Aristotle Quotes

Posted by Brian

Aristotle (384 BC – 322 BC) was a Greek (western) philosopher. He was the teacher of Alexander the Great. He was a well-known writer of that time his favorite topics were physics, poetry, theater, politics, zoology and logic. Metaphysics and music and rhetoric were the main topics of his literature. He created system of philosophy, logic and science. Like his teacher Aristotle’s philosophy was based on the universe. This was the main reason that he went too far in search of laws of universe. He was the one of the respectful philosopher at that time. Due to efforts made by the great western philosopher the study of all topics of science are respectable.

Poetic Quotes by Aristotle
A tragedy, then, is the imitation of an action … with incidents arousing pity and fear, wherewith to accomplish its catharsis of such emotions.

A whole is that which has beginning, middle, and end.

But the greatest thing by far is to have a command of metaphor. This alone cannot be imparted by another; it is the mark of genius, for to make good metaphors implies an eye for resemblances.

For the purposes of poetry a convincing impossibility is preferable to an unconvincing possibility.

Homer has taught all other poets the art of telling lies skillfully.

Poetry is finer and more philosophical than history; for poetry expresses the universal, and history only the particular.

Poetry demands a man with a special gift for it, or else one with a touch of madness in him.

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Metaphysics Quotes by Aristotle
All men by nature desire knowledge…

All men by nature desire to know. An indication of this is the delight we take in our senses; for even apart from their usefulness they are loved for themselves; and above all others the sense of sight. For not only with a view to action, but even when we are not going to do anything, we prefer sight to almost everything else. The reason is that this, most of all the senses, makes us know and brings to light many differences between things.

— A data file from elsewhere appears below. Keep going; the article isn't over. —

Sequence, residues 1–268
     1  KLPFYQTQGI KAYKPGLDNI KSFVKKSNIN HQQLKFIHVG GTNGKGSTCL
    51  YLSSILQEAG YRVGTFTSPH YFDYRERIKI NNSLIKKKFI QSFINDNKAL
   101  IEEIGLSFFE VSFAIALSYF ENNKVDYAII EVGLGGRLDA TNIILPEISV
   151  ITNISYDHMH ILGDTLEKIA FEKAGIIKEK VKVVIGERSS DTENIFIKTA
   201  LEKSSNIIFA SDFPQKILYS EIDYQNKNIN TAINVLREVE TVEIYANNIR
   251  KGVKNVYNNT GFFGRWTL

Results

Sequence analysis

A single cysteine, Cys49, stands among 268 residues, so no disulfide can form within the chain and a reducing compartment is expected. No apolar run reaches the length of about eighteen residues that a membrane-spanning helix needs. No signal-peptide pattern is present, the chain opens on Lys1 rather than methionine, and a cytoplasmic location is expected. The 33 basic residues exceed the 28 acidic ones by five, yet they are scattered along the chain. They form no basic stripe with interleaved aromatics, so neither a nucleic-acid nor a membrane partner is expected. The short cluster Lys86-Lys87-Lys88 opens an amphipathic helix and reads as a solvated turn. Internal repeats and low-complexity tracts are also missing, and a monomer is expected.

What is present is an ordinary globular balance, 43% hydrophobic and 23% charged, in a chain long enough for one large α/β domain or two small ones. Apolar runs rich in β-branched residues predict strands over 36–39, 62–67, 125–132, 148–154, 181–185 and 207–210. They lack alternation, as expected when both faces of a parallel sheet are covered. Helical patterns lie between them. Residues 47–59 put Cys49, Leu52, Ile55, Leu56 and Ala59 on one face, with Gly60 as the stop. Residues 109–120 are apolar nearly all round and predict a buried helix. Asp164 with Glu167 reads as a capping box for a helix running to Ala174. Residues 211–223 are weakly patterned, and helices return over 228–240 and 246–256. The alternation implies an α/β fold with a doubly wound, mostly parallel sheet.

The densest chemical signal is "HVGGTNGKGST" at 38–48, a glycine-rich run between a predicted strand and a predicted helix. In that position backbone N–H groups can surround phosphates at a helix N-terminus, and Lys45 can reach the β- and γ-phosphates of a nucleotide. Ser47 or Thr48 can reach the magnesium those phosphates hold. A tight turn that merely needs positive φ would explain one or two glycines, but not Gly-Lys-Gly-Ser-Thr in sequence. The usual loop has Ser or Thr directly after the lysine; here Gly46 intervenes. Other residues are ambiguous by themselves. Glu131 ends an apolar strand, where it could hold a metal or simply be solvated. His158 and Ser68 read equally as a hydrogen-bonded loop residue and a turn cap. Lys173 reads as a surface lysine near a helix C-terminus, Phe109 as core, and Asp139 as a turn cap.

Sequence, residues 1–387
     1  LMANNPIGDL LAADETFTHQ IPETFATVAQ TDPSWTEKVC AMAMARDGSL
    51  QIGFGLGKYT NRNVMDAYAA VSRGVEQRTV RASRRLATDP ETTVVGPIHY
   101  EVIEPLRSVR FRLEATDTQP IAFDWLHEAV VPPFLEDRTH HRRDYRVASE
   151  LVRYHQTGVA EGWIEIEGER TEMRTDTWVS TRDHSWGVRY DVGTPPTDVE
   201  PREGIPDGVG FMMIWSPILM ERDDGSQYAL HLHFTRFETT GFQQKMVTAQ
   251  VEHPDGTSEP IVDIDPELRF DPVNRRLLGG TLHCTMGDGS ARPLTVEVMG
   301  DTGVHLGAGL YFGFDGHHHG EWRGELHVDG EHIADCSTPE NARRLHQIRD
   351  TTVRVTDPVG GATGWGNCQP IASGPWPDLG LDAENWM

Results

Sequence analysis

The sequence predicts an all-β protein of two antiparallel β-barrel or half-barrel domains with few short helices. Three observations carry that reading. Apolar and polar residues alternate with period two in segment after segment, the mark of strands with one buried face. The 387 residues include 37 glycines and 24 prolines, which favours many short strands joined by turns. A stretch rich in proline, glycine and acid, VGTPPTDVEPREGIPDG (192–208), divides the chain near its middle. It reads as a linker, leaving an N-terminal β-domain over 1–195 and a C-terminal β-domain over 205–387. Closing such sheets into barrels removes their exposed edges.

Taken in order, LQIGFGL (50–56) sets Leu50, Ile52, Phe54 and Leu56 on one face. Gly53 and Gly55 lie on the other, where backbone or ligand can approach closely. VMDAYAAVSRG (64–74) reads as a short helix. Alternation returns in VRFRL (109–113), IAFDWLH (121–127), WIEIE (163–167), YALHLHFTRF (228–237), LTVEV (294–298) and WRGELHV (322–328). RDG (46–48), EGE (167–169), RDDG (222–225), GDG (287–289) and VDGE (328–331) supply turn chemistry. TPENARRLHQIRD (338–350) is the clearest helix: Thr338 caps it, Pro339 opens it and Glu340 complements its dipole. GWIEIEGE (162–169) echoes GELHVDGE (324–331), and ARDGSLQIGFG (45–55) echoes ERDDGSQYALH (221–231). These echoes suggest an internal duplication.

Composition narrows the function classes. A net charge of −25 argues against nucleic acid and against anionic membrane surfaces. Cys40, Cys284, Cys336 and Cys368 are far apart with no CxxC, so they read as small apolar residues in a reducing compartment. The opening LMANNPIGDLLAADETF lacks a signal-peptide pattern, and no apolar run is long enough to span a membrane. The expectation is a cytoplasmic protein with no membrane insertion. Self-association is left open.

If, then, God is always in that good state in which we sometimes are, this compels our wonder; and if in a better this compels it yet more. And God is in a better state. And life also belongs to God; for the actuality of thought is life, and God is that actuality; and God’s self-dependent actuality is life most good and eternal.

Those who assert that the mathematical sciences say nothing of the beautiful or the good are in error. For these sciences say and prove a great deal about them; if they do not expressly mention them, but prove attributes which are their results or definitions, it is not true that they tell us nothing about them. The chief forms of beauty are order and symmetry and definiteness, which the mathematical sciences demonstrate in a special degree.

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More Aristotle Quotes and Quotations
A great city is not to be confounded with a populous one.

All paid jobs absorb and degrade the mind.

Bad men are full of repentance.

Bring your desires down to your present means. Increase them only when your increased means permit.

Courage is the first of human qualities because it is the quality which guarantees the others.

Democracy is when the indigent, and not the men of property, are the rulers.

Dignity consists not in possessing honors, but in the consciousness that we deserve them.

Education is an ornament in prosperity and a refuge in adversity.

Equality consists in the same treatment of similar persons.

Fear is pain arising from the anticipation of evil.

Friendship is essentially a partnership.

Great men are always of a nature originally melancholy.